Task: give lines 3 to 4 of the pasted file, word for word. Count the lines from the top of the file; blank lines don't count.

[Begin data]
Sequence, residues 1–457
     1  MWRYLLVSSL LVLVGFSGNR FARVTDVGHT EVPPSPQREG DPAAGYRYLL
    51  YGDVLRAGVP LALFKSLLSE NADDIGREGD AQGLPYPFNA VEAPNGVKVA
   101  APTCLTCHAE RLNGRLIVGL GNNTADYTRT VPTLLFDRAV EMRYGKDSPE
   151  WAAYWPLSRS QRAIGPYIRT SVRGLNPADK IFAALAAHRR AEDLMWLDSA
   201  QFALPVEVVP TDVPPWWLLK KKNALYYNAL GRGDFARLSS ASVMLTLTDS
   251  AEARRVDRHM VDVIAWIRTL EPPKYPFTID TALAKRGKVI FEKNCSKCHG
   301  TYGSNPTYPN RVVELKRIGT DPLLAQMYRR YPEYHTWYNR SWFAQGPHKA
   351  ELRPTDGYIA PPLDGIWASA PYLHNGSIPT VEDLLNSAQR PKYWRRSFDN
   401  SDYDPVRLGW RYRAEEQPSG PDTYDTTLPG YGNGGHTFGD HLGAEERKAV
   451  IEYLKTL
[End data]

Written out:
    51  YGDVLRAGVP LALFKSLLSE NADDIGREGD AQGLPYPFNA VEAPNGVKVA
   101  APTCLTCHAE RLNGRLIVGL GNNTADYTRT VPTLLFDRAV EMRYGKDSPE